With the sawed off rudder you can navigate water down to around 8 inches without needing to raise the rudder. Once you master shallow peddling, you can pedal thru that 8” water.
Oh by the way, especially the shorter hobies, don’t paddle worth a hoot, (tracking) with the rudder up, ( lets just say you will be using the whole river, lol). The longer kayaks like the TI kayak, and probably the revo 16, track and glide great, (because of their length mostly).
On our older boats we were able to shove a rag under the steering handle to lock the rudder straight when paddling, it helps, (not sure about the newer boats steering handle though).
Actually every kayak we ever bought we bought the sailing kit with the kayak, we kept the kayak sail furled on the side of the boat, ( where the paddle normally goes), just in case we found wind.
Actually I don’t recall ever launching a hobie without a sail strapped to the side of the boat, (not even once).
The reason I’m mentioning that is we had all the sail rigging ropes always on every boat. When having problems tracking when paddling, we tossed that sail control rope out the back of the boat and drug it behind the boat, ( about 10-15 ft long 1/4” rope), it helped tracking when paddling.
Just tryin to help with suggestions, that’s all
FE

Edit: BTW re-reading your original post, all of us are describing all these fancy tricks and cool techniques), but nobody addressed your original question.
The answer is the mirage drives are held down with two levers, ( called click and go), it takes only one to two seconds to remove or insert the mirage drive, when inserting, it automatically aligns and clicks in place, (easy peazy).


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PostPosted: Mon Jul 16, 2018 8:46 am 
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Joined: Sun Sep 08, 2013 5:09 pm
Posts: 134
WAVERIDER wrote:
If you do want to get out the paddle to get across extensive flats say, best to pull the drive as it makes a difficult kayak to paddle even harder. The bungie trick is the best default for a lot of shallows so they default to up rather than down if you are not paying attention



I glued short rubber or pvc type surfboard fins to help the tracking during paddling on my Revo 13 and my son’s 11. So long as the wind isn’t over 12mph, they actually help. I posted pictures on this forum a few years ago...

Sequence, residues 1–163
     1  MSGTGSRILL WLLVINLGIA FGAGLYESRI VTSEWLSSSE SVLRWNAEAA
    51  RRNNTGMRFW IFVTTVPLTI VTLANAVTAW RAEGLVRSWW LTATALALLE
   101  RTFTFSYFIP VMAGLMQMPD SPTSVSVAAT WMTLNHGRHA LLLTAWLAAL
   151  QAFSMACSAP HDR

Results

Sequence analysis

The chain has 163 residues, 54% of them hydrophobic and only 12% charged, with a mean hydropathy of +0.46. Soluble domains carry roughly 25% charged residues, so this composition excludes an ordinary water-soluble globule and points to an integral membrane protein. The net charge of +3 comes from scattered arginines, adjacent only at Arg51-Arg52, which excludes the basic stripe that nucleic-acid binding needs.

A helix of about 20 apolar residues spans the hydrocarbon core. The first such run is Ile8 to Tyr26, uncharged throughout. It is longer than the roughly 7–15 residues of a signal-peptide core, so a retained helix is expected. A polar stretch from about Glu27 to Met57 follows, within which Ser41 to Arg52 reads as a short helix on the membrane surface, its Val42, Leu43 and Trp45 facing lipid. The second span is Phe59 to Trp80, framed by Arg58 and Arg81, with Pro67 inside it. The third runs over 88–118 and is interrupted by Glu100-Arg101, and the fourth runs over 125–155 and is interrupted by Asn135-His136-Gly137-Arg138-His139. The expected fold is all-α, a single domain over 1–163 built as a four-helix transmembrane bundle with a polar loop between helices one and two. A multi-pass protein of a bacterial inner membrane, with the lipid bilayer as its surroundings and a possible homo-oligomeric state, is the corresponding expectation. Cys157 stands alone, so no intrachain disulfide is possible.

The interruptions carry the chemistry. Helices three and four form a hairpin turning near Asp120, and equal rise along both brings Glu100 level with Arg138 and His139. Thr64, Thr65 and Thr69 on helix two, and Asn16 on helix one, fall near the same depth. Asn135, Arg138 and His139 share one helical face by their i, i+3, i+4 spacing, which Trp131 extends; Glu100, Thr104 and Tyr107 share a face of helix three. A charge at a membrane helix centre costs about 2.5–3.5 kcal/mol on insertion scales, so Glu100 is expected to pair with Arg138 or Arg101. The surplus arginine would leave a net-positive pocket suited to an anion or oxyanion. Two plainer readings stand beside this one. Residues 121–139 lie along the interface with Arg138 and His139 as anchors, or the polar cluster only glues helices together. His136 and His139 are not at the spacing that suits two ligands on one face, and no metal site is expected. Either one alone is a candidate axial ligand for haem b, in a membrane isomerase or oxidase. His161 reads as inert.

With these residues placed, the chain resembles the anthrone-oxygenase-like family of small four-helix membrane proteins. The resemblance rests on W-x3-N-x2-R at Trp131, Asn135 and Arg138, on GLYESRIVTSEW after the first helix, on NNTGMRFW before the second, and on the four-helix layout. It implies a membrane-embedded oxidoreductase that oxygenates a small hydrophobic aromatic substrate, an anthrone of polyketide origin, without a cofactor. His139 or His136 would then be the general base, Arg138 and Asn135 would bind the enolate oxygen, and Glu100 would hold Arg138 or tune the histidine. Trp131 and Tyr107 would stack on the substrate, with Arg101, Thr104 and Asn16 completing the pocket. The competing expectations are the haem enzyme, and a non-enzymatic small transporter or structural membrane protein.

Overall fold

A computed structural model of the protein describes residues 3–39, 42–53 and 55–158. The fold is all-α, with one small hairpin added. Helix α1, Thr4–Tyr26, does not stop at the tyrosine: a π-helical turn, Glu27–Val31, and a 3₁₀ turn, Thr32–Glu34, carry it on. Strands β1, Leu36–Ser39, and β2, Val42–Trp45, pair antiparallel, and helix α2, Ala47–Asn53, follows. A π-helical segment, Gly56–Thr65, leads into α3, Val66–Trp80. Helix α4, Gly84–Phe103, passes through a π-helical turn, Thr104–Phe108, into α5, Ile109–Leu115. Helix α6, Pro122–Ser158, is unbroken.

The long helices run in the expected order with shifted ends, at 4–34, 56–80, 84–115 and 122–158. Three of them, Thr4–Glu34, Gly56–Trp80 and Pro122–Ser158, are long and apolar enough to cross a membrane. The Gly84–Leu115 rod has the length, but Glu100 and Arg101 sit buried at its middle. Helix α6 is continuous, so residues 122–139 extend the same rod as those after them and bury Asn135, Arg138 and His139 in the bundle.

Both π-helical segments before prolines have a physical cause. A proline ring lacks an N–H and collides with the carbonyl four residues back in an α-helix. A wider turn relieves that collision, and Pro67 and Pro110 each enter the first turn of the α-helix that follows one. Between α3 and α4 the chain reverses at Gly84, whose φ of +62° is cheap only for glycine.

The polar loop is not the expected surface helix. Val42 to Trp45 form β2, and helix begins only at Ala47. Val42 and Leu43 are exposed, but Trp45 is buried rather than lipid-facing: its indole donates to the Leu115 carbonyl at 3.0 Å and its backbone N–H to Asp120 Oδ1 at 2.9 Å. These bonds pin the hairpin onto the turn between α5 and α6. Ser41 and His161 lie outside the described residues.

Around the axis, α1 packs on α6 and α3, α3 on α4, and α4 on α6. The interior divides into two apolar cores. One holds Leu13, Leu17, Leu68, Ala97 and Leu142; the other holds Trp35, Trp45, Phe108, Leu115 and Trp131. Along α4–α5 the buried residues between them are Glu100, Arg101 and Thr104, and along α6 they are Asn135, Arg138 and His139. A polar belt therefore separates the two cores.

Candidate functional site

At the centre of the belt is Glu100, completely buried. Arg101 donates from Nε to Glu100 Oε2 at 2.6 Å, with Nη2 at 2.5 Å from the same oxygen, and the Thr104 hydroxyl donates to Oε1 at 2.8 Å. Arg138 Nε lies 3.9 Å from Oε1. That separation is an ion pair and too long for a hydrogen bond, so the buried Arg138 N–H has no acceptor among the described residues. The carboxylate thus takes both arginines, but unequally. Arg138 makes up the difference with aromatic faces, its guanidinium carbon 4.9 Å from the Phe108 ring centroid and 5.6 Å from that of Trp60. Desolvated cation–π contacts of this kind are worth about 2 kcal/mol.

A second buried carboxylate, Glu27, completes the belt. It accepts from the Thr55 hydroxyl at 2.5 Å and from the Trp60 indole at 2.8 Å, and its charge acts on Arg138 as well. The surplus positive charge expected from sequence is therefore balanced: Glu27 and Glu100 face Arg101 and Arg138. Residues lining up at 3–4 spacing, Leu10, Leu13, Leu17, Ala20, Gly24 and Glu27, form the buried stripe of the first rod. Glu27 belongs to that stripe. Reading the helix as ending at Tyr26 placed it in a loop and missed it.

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PostPosted: Wed Jul 18, 2018 8:18 am 
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Joined: Tue Nov 19, 2013 11:48 pm
Posts: 206
Location: Missoula, Montana
If you spend most of your time kayaking on shallow, rocky rivers, a pedal kayak is a poor choice, because you are likely to damage the pedal drive. A paddle kayak would be more appropriate. I don't use my Revolution on rivers unless the water is reliably more than more than about three feet deep. And I always pull out my drive when coming into shore. As a result of these practices, I've never damaged a Mirage Drive.

I also always pull up my rudder when coming into to shore. However, one time I was fishing near a rocky lake shore, and my rudder clipped a rock which stuck up near the surface and broke a rudder line. This disabled my rudder for the day, and then I had to replace the rudder line, which was a hassle. Fortunately I didn't damage the twist and stow rudder system. So the risk of damaging your rudder is another reason why a pedal drive kayak is a bad choice for shallow rocky rivers.

I'm a whitewater kayaker, and I own a 13' Ocean Kayak Trident which doesn't have a rudder, in addition to my 13' Revolution. I do 98 percent of my fishing from my Revolution, which I love. But when I want to fish on a shallow river, I use the Trident.


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PostPosted: Thu Jul 19, 2018 2:40 pm 
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Joined: Sun Apr 20, 2008 6:18 am
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Location: Sarasota,Key West FL
That’s the direct opposite of what we do, I hate paddle yaks, more because I have a bad back and can’t paddle much at all. We use our hobies for everything including class two rapids. Never had any problems in ten yrs.
Just our opinion that’s all
FE